nothing of a god but eternity, and a beaven to
Chair of sales Conclude 1 The niceties.
But I say,
Men. I paint him in the character. Mark what | Enter Three or Four CoNSPIRATORS of Aurs mercy his mother shall bring from him: There
dius's Faction, is no more mercy in him, than there is milk in a Most welcome ! male tiger ; that shall our pour city find : and all 1 Con. How is it with our general ? that is "long of you.
Auf. Even so, Sic. The gods be good unto us!
As with a man by his own alms empoison'd, Men. No, in such a case the gods will not be And with his charity slain. good uuto us. When we banished him, we res- 2 Con. Most noble Sir, pected not them : and, be returning to break our if you do hold the same intent wherein necks, they respect not us.
You wish'd us parties, we'll deliver you
of your great danger.
Auf. Sir, I cannot tell : Mess. Sir, if you'd save your life, fly to your we must proceed, as we do find the people. house :
3 Con. The people will remain uncertain, whilst The plebeians have got your fellow-tribune, 'Twixt you there's difference ; but the fall of either And bale him up and down; all swearing, if Makes the survivor heir of all. The Roman ladies bring not comfort home,
Auf. I know it;
And my pretext to strike at him admits
A good construction. I rais'd him, and I pawn'd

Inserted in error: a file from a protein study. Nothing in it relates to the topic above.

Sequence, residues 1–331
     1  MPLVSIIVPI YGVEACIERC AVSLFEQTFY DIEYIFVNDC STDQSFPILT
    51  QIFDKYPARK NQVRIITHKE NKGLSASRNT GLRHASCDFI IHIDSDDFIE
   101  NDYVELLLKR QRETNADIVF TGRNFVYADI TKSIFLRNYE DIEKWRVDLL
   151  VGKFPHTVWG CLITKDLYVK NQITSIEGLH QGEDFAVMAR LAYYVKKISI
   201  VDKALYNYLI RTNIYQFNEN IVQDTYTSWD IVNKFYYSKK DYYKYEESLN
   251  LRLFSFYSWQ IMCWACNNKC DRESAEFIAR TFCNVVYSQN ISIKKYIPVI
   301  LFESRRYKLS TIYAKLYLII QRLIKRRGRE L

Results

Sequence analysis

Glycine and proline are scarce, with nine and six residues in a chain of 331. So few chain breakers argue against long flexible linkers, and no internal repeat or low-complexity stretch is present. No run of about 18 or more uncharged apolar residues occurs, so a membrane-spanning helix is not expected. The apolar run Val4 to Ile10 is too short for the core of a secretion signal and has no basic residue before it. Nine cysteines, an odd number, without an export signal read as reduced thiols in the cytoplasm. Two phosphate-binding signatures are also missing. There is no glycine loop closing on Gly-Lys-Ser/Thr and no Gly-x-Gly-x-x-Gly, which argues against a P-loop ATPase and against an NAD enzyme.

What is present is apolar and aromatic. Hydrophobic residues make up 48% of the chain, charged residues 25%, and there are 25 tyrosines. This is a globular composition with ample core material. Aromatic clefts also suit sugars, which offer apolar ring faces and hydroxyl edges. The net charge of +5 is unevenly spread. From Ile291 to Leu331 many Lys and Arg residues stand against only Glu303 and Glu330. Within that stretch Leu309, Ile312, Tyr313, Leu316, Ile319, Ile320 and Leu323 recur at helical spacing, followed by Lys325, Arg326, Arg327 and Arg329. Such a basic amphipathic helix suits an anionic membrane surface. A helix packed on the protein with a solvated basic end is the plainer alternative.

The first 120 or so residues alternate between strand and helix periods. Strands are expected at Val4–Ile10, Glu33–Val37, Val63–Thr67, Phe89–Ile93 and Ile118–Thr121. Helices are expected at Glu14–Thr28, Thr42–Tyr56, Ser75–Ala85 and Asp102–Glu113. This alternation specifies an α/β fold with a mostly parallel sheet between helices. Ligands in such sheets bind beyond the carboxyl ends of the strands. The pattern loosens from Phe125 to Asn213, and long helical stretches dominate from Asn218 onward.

Mine honour for his truth : Who being so heighSic. What's the news ?
ten'd, Aless. Good news, good news :--The ladies bave He water'd his new plants with dews of fattery, prevailid,
Seducing so my friends ; and, to this end,
3 Con. Sir, his stoutness, Sic. Friend,
When he did stand for consul, which he lost Art thou certain this is true ? is it most certain ? By lack of stooping, Mess. As certain as I know the sun is fire :
Auf. That I would have spoke of : Where have you lurk'd, that you make doubt of its Being banish'd for't, he came unto my hearth : Ne'er through an arch so hurried the blowu tide, Presented to my knife bis throat ; I took him ; As the reconforted through the gates. Why hark Made bim joint-servant with me ; gave bim way you ;
In all his own desires ; nay, let him choose [Trumpets and Hautboys sounded, and Drums Out of my files, his project to accomplish,
beaten, all together. Shouting also within. My best and freshest men ; serv'd his designinen s The trumpets, sackbuts, psalteries, and fifes,
In mine own person ; holp to reap the fame, Tabors, and cymbals, and the shouting Romans, which he did end all his; and took some pride Make the sun dance. Hark you !
To do myself this wrong ; till, at the last,
(Shouting again. I seem'd his follower, not partner; and Men. This is good news :
He wag'd me with his countenance, † as if
1 Con. So he did, my lord : A city full : of tribunes such as you,
The army marvell’d at it. And, in the last, A sea and land full : You have pray'd well to-day: When be had carried Rome, and that we look'd This morning, for ten thousand of your throats For no less spoil than glory, — I'd not have given a doit. Hark, how they joy ! Auf. There was it ;
(Shouting and Music. For which my sinews shall be stretch'd upon him. Sic. First, the gods bless you for their tidings : At a few drops of women's rheum, 1 which are Accept my thankfulness.
(next, As cheap as lies, he sold the blood and labour Miss. Sir, we have all
of our great action : Therefore shall he die Great cause to give great thanks,
And I'll renew me in his fall. But, hark ! Sic. They are near the city ?